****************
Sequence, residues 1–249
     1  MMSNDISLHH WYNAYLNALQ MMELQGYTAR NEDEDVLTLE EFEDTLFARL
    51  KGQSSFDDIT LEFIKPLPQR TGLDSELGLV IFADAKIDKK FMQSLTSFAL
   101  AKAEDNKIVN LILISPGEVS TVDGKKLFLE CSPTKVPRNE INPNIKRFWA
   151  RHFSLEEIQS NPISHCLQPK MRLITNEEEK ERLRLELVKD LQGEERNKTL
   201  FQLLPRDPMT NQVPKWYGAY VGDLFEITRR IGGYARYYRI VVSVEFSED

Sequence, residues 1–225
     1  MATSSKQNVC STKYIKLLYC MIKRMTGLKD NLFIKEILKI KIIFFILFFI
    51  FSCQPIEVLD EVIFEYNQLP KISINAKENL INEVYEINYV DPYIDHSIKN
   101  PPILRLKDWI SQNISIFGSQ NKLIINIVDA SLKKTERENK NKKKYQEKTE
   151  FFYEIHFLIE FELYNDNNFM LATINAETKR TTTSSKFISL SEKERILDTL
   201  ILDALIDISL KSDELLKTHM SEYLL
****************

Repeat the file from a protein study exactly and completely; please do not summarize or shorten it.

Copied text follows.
Sequence, residues 1–249
     1  MMSNDISLHH WYNAYLNALQ MMELQGYTAR NEDEDVLTLE EFEDTLFARL
    51  KGQSSFDDIT LEFIKPLPQR TGLDSELGLV IFADAKIDKK FMQSLTSFAL
   101  AKAEDNKIVN LILISPGEVS TVDGKKLFLE CSPTKVPRNE INPNIKRFWA
   151  RHFSLEEIQS NPISHCLQPK MRLITNEEEK ERLRLELVKD LQGEERNKTL
   201  FQLLPRDPMT NQVPKWYGAY VGDLFEITRR IGGYARYYRI VVSVEFSED

Sequence, residues 1–225
     1  MATSSKQNVC STKYIKLLYC MIKRMTGLKD NLFIKEILKI KIIFFILFFI
    51  FSCQPIEVLD EVIFEYNQLP KISINAKENL INEVYEINYV DPYIDHSIKN
   101  PPILRLKDWI SQNISIFGSQ NKLIINIVDA SLKKTERENK NKKKYQEKTE
   151  FFYEIHFLIE FELYNDNNFM LATINAETKR TTTSSKFISL SEKERILDTL
   201  ILDALIDISL KSDELLKTHM SEYLL